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Role of integrins in cardiac innervation and function

Institution: University of California, Santa Barbara
Investigator(s): Dennis Clegg, Ph.D.
Award Cycle: 2000 (Cycle 9) Grant #: 9RT-0212 Award: $293,277
Subject Area: Cardiovascular Disease
Award Type: Research Project Awards

Initial Award Abstract
Sympathetic neurons convey stress signals from the brain to the heart and blood vessels, resulting in an increased pulse and increased blood pressure. Clusters of these neurons reside in the Superior Cervical and Thoracic ganglia near the spinal cord. They receive input from spinal cord neurons, which contact the sympathetic cell bodies in the ganglia. In response, an electrical signal is conveyed down the sympathetic axons that extend to the heart and to blood vessels. When the signal reaches the axon terminals, they release norepinephrine, a neurotransmitter that increases the rate of heart contraction and constricts smooth muscle of the blood vessels. This relay system functions in the “fight or flight” response that allows animals to take action in times of stress. However, excess stimulation of the sympathetic nerves can lead to hypertension, a condition characterized by high blood pressure and abnormal growth of the heart tissue. Improper sympathetic activity can also lead to an arrhythmic heart beat and heart attacks.

Smoking is known to be a high risk factor in heart disease. Smoking may contribute to heart disease via long term stimulation of the sympathetic innervation of heart muscle and blood vessels. Thus, it may be beneficial to use drugs to decrease the sympathetic innervation of the heart to treat hypertension. However, the molecular interactions that underlie the in growth of axons into heart tissue during development, and the factors that maintain the innervation of the heart are not understood. It is thought that receptor proteins on the surface of sympathetic neuronal cells recognize proteins on heart cell surfaces and this leads to extension of axons into the heart. These same interactions may result in maintenance of the innervation in the adult.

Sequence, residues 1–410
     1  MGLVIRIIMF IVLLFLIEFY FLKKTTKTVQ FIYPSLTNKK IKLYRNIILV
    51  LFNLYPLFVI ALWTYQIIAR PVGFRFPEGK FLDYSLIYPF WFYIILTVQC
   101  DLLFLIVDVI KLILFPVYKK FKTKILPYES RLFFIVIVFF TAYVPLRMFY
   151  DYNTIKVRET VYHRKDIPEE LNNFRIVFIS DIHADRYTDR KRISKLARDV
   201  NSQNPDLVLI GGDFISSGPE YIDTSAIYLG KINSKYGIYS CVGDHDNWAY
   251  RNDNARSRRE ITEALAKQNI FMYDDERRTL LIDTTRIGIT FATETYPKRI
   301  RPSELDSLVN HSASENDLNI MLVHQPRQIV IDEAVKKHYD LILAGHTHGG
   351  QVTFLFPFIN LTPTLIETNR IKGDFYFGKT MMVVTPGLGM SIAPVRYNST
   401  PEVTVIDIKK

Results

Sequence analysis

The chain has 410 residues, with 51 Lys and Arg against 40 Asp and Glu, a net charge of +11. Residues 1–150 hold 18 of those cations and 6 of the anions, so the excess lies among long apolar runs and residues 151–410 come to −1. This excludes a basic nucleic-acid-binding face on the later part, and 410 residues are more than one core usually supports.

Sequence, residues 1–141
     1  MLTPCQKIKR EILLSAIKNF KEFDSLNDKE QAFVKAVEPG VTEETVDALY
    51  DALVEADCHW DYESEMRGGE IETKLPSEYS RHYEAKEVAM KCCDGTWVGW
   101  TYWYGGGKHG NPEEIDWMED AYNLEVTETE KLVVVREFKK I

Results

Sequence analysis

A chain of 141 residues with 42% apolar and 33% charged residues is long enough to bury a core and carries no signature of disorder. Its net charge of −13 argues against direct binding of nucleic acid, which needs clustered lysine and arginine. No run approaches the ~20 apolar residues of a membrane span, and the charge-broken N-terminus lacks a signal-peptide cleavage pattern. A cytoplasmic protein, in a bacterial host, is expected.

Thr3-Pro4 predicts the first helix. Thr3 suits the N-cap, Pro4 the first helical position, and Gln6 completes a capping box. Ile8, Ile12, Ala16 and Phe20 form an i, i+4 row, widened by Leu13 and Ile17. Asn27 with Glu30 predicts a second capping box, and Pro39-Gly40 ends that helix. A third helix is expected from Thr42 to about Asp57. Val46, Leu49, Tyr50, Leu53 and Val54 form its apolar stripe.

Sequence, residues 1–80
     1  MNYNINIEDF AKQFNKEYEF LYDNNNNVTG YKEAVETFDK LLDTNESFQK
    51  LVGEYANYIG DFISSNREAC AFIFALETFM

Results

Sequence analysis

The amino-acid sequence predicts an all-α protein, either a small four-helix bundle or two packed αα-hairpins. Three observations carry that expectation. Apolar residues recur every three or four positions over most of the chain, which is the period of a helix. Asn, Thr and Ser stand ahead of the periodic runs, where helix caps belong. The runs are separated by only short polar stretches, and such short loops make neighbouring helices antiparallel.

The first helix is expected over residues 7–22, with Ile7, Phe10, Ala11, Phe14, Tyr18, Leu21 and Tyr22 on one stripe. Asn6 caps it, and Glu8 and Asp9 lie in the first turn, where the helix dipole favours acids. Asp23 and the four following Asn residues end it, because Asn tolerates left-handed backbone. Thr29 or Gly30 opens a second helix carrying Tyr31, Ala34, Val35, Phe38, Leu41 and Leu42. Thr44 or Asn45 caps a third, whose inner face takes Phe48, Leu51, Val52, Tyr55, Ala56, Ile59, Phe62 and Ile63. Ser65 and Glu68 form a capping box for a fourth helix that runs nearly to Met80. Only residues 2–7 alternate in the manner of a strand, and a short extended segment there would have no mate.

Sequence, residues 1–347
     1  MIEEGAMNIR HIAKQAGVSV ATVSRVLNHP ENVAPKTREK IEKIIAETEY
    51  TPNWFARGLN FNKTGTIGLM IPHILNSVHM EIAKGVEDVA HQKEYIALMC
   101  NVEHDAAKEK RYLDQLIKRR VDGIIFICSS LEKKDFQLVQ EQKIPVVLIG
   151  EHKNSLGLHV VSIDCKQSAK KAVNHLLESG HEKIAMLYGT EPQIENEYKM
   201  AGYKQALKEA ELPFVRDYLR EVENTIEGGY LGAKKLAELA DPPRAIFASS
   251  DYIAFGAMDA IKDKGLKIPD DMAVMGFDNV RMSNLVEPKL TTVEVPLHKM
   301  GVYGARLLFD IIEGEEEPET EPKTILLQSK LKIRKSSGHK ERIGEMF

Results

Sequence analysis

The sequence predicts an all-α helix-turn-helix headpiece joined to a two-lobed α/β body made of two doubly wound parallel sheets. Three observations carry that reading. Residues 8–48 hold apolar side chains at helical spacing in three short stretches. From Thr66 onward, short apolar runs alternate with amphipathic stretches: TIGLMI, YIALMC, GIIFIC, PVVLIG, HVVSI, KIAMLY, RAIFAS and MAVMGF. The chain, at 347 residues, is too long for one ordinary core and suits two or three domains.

We have obtained preliminary evidence suggesting that an 4 integrin receptor on sympathetic neurons interacts with Vascular Cell Adhesion Molecule-1 (VCAM-1) on heart cells to guide axons into the heart during development. Experiments are proposed to test this hypothesis. If we can show that the interaction between these two proteins is important in establishing the innervation of the heart, it may be possible to treat hypertension and other types of heart disease with drugs that block the interaction between 4 integrin. and VCAM-1. Such treatments would result in a decrease in sympathetic innervation and therefore less norepinephrine would be released. Thus, strategies might be developed to treat heart disease associated with smoking.

Novel roles for integrins in the nervous system
Periodical: Molecular and Cellular Biology Index Medicus:
Authors: Clegg DO ART
Yr: 2000 Vol: 3 Nbr: Abs: Pg: 1-7

Inward rectifier potassium channel Kir2.2 is associated with synapse-associated protein SAP97
Periodical: Journal of Cell Science Index Medicus:
Authors: Leonoudakis D, Mailliard WS, Wingerd KL, Clegg DO, Vandenberg CA ART
Yr: 2001 Vol: 114 Nbr: Abs: Pg: 987-998

Laminin-5 promotes neurite outgrowth from central and peripheral chick embryonic neurons
Periodical: Neuroscience Letters Index Medicus:
Authors: Culley B, Murphy J, Babaie J, Nguyen D, Rousselle P, Clegg DO ART
Yr: 2001 Vol: 301 Nbr: Abs: Pg: 83-86

Alpha4 integrins & VCAM-1 play a role in sympathetic innervation of the heart.
Periodical: Journal of Neuroscience Index Medicus:
Authors: Wingerd KL, Goodman NL, Smail ML, Rohan SJ, Leu ST, Clegg DO ART
Yr: 2001 Vol: 22 Nbr: Abs: Pg: 10772-10780

Integrin alpha4beta1 VLA-4 expression and activity in retinal and peripheral neurons.
Periodical: Molecular and Cellular Neuroscience Index Medicus:
Authors: Hikita ST, Cann GM, Wingerd KL, Mullick LH, Wayne WC, Webb SW, Clegg DO ART
Yr: 2003 Vol: 23 Nbr: Abs: Pg: 427-439

Expression and functions of beta-1 integrins in the developing chick retina.
Periodical: Investigative Ophthalmology and Visual Science Index Medicus:
Authors: Clegg DO, Wingerd KL, Leu ST< Mullick LH ABS
Yr: 2000 Vol: 41 Nbr: 4 Abs: Pg: S846

Inward rectifier potassium channel Kir2.2 is associated with SAP97.
Periodical: Biophysical Journal Index Medicus:
Authors: Leonoudakis D, Mailliard W, Wingerd K, Clegg D, Vandenberg C ABS
Yr: 2001 Vol: 80 Nbr: 1 Abs: Pg: 630a

Inhibition of alpha-4/beta-1 in developing chick retina results in increased apoptosis.
Periodical: American Society for Cell Biology Index Medicus:
Authors: Clegg DO, Leu ST, Jacques S, Wingerd KL, Goodman N ABS
Yr: 2002 Vol: Nbr: Abs: Pg: